After the piles begin to shift, and you see how much you are getting rid of, you begin to experience the immense weight of the changes that are about to transpire.
I tried to channel Marie Kondo as I pulled each item from the closet in our office into piles and asked my husband “does this spark joy?” To be honest, he was not as inspired with the process as I was, and I had to gently remind him many times why it was that we were doing this. One thing that replayed in my head during the entire cleanout was when Mario was having a difficult time parting ways with the mailbox that had been attached to their house when he first purchased it. These are the types of items that are very special to my husband, also, and one of the many things that I love about him — his beautiful and sentimental soul. But at the same time, we need to make room for the very special person to come, for the memories that will be made as a family.
In the episode, Marie quietly and sincerely asks Mario, “This is something you want to keep in your life going forward?" I don’t know that this specific phrase helped my husband, but this attitude definitely helped me to practice a bit more patience and kindness when attempting to clean out an entire room, and in turn, helped him to say goodbye to many unnecessary items. There were some agonizing moments as we both held in our hands items from our more carefree days. We allowed ourselves to explore those moments of joy, and made space in our garage to neatly organize these memories, making them easier to access when we felt the need to relive them.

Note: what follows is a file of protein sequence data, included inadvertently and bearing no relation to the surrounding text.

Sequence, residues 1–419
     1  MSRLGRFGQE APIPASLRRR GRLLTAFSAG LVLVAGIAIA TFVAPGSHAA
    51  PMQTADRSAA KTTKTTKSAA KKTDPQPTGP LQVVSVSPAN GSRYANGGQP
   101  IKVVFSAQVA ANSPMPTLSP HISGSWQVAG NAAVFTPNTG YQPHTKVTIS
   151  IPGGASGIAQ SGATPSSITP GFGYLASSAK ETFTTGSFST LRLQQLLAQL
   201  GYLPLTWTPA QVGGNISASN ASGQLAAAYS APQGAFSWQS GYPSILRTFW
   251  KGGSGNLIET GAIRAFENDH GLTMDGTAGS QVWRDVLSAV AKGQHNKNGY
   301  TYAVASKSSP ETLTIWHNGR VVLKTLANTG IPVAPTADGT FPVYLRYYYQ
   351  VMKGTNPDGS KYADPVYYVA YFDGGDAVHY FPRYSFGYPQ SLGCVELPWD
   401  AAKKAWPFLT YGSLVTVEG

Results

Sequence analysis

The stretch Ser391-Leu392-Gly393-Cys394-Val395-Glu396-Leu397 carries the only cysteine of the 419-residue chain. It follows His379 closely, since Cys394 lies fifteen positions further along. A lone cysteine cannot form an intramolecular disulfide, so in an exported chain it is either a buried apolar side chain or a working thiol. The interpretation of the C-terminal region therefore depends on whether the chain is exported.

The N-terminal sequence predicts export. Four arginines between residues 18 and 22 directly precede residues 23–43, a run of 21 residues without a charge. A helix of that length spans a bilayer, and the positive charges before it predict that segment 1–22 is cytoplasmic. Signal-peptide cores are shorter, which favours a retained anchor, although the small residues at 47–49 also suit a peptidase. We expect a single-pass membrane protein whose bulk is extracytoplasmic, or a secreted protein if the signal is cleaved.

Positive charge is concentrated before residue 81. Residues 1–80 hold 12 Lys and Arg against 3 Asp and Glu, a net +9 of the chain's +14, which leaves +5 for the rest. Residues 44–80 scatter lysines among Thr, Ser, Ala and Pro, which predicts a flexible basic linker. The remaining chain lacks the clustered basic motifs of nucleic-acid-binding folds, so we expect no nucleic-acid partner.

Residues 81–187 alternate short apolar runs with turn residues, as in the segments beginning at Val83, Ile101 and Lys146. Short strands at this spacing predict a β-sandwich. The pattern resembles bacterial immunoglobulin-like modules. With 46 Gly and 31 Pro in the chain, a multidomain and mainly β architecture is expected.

Marie Kondo’s “KonMari” method is comprised of five categories, with steps and instructions in between. The entire process of making piles and pulling out every single item is not only physically exhausting when you’re 12 weeks pregnant, but it is emotionally draining to go through all of these items one by one. It seemed simple enough: Does it spark joy? No? Toss. But after the piles begin to shift, and you see how much you are getting rid of, you begin to experience the immense weight of the changes that are about to transpire. It becomes not about what you are getting rid of, but why and to what purpose. We were no longer metaphorically letting go of our former “trying” selves, but physically stepping into the role of parents.